Technologically sensed social exposure related to slow-wave sleep in healthy adults

Maryam Butt, Taha B.M.J. Ouarda, Stuart F. Quan, Alex (Sandy) Pentland, Inas Khayal

Research output: Contribution to journalArticlepeer-review

5 Scopus citations


Objective: The aim of this study is to understand the relationship between automatically captured social exposure and detailed sleep parameters of healthy young adults. Methods: This study was conducted in a real-world setting in a graduate-student housing community at a US university. Social exposure was measured using Bluetooth proximity sensing technology in mobile devices. Sleep was monitored in a naturalistic setting using a headband sleep monitoring device over a period of 2 weeks. The analysis included a total of 11 subjects (6 males and 5 females) aged 24–35 (149 subject nights). Results: Slow-wave sleep showed a significant positive correlation (Spearman’s rho = 0.51, p < 0.0001) with social exposure, whereas light non-REM (N1 + N2) sleep and wake time were found to be negatively correlated (rho = −0.25, p < 0.01; rho = −0.21, p < 0.01, respectively). The correlation of median slow-wave sleep with median social exposure per subject showed a strong positive significance (rho = 0.88, p < 0.001). On average, within subjects, following day’s social exposure was higher when (slow-wave NREM + REM) percentage was high (Wilcoxon sign-ranked test, p < 0.05). Conclusions: Subjects with higher social exposure spent more time in slow-wave sleep. Following day’s social exposure was found to be positively affected by previous night’s (slow-wave NREM + REM) percentage. This suggests that sleep affects following day’s social exposure and not vice versa. Capturing an individual’s dynamic social behavior and sleep from their natural environment can provide novel insights into these relationships.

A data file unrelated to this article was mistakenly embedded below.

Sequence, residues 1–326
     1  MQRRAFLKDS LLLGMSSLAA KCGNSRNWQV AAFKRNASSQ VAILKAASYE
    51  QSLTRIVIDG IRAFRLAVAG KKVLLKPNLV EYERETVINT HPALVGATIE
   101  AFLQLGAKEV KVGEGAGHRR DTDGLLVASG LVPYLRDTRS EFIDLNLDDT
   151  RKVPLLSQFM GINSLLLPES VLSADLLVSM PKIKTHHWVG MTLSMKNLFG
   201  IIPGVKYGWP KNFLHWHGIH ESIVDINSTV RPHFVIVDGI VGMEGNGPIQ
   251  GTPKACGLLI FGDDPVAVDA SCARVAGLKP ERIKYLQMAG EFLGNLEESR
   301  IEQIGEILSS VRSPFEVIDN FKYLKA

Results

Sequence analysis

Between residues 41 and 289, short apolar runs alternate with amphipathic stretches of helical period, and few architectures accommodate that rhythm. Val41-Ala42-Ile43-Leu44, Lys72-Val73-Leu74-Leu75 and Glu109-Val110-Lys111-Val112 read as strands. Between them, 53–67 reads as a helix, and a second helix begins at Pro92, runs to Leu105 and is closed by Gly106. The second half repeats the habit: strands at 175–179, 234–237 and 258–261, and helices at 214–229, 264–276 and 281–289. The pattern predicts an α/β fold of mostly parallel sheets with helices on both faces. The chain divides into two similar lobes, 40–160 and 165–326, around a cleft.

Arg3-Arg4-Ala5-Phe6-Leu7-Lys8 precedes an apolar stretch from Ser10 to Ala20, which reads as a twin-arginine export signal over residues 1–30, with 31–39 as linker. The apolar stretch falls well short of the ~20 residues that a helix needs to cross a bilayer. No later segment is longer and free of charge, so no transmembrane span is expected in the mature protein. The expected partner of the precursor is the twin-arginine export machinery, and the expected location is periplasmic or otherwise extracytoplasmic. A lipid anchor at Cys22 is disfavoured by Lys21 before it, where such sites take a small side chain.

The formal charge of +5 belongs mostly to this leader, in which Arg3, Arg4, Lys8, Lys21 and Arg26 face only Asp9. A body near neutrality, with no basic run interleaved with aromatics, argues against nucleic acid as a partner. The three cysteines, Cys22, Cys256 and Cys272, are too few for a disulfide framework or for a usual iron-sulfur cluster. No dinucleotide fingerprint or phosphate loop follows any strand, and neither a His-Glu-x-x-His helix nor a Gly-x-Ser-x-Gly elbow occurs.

Original languageEnglish (US)
Pages (from-to)255-261
Number of pages7
JournalSleep and Breathing
Issue number1
StatePublished - Mar 1 2015
Externally publishedYes


  • Naturalistic
  • REM sleep
  • Real world
  • Slow-wave sleep
  • Social exposure
  • Young adults

ASJC Scopus subject areas

  • Otorhinolaryngology
  • Clinical Neurology


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